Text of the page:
Friday, December 30, 2011

Field Trip to the Grappa Museum

Before moving to Italy I had not heard of Grappa.  And even after living here for 4 years, learning about Grappa has never been on my "to do" list, but sometimes you end up doing unexpected things, like touring the Poli Grappa Museum.  And on occasion, you even end up enjoying the unexpected, and learning new something along the way.  

The Poli museum is located just south of the wall cited of Marositica.  It offers an excellent history of both Grappa and the entire distillation process, presented both in Italian and English.  The museum itself is a beautiful building full of copper Grappa making equipment and very well written explanations of both the history and process of making Grappa.   
Do you know about Grappa? It is a potent alcoholic drink made from the distillation of grape marc, the grape skins, pulp, and seeds leftover after the grapes have been pressed during the wine making process. It is very popular here in the Veneto region, and after yesterday's field trip to the Poli Grappa Museum I now have a deeper understanding and appreciation for Grappa, even if I am still not a fan of the taste.  

The first room of the museum gives a thorough history of the distillation process.  Thousands of years before distillates were enjoyed as beverages, they were used as essential oils and medicines.  
As you venture further into the museum a complete explanation of the distillation process accompanies beautiful copper distilleries.  
The process begins by heating the fermented grape marc.  Alcohol and volatile oils have lower boiling points than water, and therefore evaporate first.  The evaporate is collected in copper tubing and cooled back down to its liquid state.  The liquid is then collected in large containers.  

On the second floor of the museum offers its visitors an eloquently written Poli family history. The Poli family began making Grappa in 1898, and is still making Grappa today. Grappa making is clearly a family passion.  The contraption pictured below is a modified locomotive steam engine converted to make a portable distillery once used by the Poli family.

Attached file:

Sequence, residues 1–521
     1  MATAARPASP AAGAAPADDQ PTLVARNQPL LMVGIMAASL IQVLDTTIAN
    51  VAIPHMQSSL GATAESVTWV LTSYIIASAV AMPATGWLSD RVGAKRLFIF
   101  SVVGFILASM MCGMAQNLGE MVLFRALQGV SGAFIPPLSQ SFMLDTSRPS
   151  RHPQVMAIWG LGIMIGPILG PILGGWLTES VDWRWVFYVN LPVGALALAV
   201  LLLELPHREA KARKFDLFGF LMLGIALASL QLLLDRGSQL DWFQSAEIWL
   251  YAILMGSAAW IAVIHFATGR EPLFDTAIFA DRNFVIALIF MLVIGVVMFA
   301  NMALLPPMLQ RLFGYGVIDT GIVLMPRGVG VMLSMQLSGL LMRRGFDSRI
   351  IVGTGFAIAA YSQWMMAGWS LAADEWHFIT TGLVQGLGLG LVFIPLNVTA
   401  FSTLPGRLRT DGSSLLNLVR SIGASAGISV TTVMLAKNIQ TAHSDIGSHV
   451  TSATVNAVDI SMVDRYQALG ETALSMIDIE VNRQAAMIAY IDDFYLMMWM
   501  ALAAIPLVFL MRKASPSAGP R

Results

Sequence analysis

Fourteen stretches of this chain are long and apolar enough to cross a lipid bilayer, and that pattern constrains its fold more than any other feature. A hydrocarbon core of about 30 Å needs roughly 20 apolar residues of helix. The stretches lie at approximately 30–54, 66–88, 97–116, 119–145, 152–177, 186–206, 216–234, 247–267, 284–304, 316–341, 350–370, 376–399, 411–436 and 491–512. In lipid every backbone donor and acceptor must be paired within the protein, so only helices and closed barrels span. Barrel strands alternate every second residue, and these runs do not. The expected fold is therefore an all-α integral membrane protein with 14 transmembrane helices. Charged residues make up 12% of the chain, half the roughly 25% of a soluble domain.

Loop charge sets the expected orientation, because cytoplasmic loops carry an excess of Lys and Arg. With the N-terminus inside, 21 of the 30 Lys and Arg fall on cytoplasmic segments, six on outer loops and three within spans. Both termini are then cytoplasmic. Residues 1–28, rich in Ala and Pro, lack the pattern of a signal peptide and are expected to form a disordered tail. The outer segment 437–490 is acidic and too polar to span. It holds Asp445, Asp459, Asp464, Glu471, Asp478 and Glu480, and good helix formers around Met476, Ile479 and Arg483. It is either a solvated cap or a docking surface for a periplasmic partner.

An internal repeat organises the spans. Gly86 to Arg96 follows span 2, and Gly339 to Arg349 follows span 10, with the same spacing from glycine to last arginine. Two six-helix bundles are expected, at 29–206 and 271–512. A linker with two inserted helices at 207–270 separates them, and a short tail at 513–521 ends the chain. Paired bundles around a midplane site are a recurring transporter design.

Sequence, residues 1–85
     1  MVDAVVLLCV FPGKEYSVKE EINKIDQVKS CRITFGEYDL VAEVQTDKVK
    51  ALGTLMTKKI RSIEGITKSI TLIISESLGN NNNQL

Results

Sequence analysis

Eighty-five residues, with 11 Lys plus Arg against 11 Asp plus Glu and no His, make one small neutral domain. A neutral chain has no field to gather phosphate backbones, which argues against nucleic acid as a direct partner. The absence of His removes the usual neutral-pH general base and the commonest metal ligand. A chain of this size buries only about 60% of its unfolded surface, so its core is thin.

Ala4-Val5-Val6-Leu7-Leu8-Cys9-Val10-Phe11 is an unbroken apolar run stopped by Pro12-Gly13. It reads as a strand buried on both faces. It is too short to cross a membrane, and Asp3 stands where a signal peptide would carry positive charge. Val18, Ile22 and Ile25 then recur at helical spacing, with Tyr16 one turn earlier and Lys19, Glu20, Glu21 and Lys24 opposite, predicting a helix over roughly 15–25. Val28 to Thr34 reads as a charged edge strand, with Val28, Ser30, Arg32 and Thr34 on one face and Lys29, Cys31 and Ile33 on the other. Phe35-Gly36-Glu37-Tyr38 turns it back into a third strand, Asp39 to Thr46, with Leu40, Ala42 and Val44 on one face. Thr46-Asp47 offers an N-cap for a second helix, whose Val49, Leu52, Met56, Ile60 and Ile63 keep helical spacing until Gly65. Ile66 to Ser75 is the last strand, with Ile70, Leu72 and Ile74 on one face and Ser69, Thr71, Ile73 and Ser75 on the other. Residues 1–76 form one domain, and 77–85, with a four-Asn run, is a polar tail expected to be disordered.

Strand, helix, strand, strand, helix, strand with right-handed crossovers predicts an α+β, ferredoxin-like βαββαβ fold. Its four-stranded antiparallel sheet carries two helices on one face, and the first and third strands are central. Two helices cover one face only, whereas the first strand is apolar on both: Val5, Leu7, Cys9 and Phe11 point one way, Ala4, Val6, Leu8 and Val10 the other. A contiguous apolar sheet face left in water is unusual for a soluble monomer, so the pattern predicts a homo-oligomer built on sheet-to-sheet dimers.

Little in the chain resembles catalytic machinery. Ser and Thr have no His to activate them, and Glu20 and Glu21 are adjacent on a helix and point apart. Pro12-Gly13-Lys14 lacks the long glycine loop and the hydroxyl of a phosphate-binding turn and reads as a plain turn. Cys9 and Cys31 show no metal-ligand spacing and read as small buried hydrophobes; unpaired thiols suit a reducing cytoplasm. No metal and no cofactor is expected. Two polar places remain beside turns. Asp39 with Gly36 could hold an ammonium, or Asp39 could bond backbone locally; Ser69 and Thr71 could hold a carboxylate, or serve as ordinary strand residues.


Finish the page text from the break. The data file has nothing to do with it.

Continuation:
The final room of the museum is dedicated to an extensive Grappa bottle collection. Grappa bottles line lighted shelves showcasing a variety of Grappa bottles shapes and displaying all the various labels. 

Thinking of making your own Grappa?  Think again, by law Grappa is exclusive produced in Italy through the direct distillation of grape marc.  And apparently it is no easy task to make a distillate from the solid grape marc, but rather takes years of experience.  

From the words of Jacopo Poli, " I am determined to continue the tradition and to make people understand and appreciate the hard work, the constancy but, above all, the kind of Love which is part of a Distillate, a total Love for our art, for our world, a Love without which nothing would be possible."

You can really work up an appetite touring the Grappa museum.  A light Pizza lunch is recommended.

And after touring the museum, a visit to the town of Bassano del Grappa is a must. 

The Brenta River at Dusk
If you would like to learn more about Grappa and the Grappa making process please visit and


  1. These are beautiful images of the museum, Daisey. Not being much of a fan of the potent potable, I've never visited this museum. Does John like it? A friend suggests that I try a nociola-flavored one...tastes like Nutella! This could be dangerous.
    Happy New Year!

  2. Happy New Year to you too, Dana! I wrote a lengthy response a few days ago and just now noticed it didn't post :o(
    Loved the museum and the history, even though I don't enjoy drinking the stuff. Apparently in Bassano del Grappa there is a place you can go and smell all the different flavors.